Written Assignment 4
March 22, 2014
Native Americans were the first people living in the United States until Europeans arrived, sought to colonize and take over. During this time, Native Americans were subjugated to warfare, new government and losing their lands. Forced to submit to White settlers, many Native Americans have had to choose between assimilating into a White culture or preserving their heritage and ancestry. This essay will discuss public policy regarding Native Americans and provide some examples pertaining to ethnocentrism and cultural relativity.
Public Policy and Ethnocentrism
From early on, Native American culture has been on a collision with White society. During the colonial period, the government did not want to have any issues with settlers and Native Americans. Schaefer mentions that Whites were to take precedence regardless of the needs or interference by tribes (150). The secretary of war was put in charge of the Native Americans with regard to any Federal communications. Later in 1824 the Bureau of Indian Affairs was created as an intermediary between the Native Americans and the government (Schaefer 150). As White settlers started to move west, they had felt that Native Americans were blocking their progress. This led to the Indian Removal Act that was passed in 1824 which forced several tribes to leave their ancestral lands. Schaefer also mentions, “the federal government enacted legislation that affected them with minimal consultation” (151). The government’s goal was to weaken tribal institutions so that Native Americans would assimilate.
The government still tried to make Native Americans become more like White homesteaders. In 1887 the government passed the Allotment Act which would turn tribal members into land owners. While each family was given 160 acres, there were some stipulations. Schaefer mentions that “the act prohibited Native Americans from selling the land for 25 years” (153). The other issue was with the Native Americans not knowing how to farm or utilize the land. They also did not receive assistance or training from the government and as a result, did not do well with homesteading. Since the land could not be legally sold, the Bureau of Indian Affairs ended up leasing the land to White landowners (Schaefer 153). During this time, it was believed that Native Americans should put aside tribal identities and assimilate into White culture.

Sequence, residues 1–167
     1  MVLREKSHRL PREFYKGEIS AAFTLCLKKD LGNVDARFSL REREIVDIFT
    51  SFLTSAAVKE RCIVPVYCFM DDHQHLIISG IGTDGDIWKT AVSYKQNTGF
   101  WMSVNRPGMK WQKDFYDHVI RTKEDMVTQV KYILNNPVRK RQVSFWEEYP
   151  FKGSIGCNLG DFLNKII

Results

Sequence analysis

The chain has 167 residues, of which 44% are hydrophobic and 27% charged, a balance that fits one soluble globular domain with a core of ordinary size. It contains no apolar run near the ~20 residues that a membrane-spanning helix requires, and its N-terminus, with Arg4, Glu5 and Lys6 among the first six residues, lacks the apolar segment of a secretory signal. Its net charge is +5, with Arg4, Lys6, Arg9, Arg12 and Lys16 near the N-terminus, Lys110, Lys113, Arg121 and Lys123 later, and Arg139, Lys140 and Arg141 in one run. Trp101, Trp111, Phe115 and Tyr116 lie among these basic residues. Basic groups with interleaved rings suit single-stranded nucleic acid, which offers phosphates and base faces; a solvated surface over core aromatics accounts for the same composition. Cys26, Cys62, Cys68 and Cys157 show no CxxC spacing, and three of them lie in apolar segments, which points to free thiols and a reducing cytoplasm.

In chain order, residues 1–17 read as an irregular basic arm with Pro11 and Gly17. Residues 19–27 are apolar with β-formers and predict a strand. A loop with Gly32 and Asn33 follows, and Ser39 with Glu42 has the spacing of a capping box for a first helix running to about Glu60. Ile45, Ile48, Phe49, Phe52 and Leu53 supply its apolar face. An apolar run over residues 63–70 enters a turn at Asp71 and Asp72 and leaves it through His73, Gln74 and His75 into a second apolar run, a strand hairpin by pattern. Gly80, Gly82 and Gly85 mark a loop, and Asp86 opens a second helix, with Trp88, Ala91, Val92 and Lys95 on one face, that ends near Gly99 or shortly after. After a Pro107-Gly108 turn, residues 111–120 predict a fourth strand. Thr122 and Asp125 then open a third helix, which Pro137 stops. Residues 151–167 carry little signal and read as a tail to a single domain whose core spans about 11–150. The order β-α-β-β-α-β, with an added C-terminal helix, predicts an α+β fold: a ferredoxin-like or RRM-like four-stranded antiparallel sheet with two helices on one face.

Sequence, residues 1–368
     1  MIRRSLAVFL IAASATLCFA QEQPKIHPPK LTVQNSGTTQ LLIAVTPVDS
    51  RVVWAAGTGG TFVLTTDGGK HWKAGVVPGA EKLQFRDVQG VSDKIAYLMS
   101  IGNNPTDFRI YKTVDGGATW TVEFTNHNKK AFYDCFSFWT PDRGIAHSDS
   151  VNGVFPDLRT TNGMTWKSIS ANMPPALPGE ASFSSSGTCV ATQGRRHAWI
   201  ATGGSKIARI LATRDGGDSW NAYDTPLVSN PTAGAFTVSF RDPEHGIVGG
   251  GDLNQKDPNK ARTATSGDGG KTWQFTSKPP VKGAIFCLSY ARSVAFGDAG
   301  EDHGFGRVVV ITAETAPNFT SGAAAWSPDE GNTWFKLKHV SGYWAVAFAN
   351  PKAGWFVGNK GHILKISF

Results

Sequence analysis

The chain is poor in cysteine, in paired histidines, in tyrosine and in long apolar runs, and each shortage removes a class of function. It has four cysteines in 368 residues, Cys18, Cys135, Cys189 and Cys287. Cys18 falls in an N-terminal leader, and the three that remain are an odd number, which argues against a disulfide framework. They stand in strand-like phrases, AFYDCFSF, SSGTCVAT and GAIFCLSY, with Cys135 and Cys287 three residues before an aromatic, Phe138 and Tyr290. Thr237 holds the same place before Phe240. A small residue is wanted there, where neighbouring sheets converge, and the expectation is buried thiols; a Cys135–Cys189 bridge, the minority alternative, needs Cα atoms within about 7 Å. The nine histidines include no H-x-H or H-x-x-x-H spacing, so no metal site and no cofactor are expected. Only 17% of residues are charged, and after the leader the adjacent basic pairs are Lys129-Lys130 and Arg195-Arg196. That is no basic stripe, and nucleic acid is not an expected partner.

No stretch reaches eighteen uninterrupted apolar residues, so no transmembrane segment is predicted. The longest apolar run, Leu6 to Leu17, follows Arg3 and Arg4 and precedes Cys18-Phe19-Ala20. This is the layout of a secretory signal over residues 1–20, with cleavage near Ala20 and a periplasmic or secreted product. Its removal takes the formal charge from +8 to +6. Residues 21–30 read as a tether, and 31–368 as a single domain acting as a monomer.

As time progressed, the Indian Reorganization Act which was also known as the Wheeler-Howard Act was passed in 1934 (Schaefer 153). This act was supposed to recognize tribal identity but still pushed for assimilation. Tribes would be allowed to create a constitution and elect leaders within reservations. The Reorganization Act did allow Native Americans to have more control over actions taken on their behalf. Schaefer mentions that this act had tried to unite government agencies with tribal dealings by immersing Native Americans in procedures common to White society (153). However, the act still allowed for non-Native Americans to control issues regarding reservations. Schaefer states that, “The Reorganization Act sought to assimilate Native Americans into the dominant society on the dominant group’s terms” (153).
Moving Towards Cultural Relativity
After years of the United States government trying to force Native Americans to Assimilate, they have started to realize that their efforts were not facilitating pluralism. Schaefer mentions the Termination Act of 1953 “which was considered a controversial government policy towards Native Americans” (156). This act cancelled federal services such as medical care, schools, and road equipment that took effect immediately. There was no coordination between tribes or government agencies which affected the tribes in a disastrous manner. They were not able to perform some basic services such as road repair or fire protection without the...
References: Schaefer, R. (2012). Native Americans: The First Americans (13th ed), Chapter 6 (pp. 147-171). Upper Saddle River, New Jersey: Pearson.
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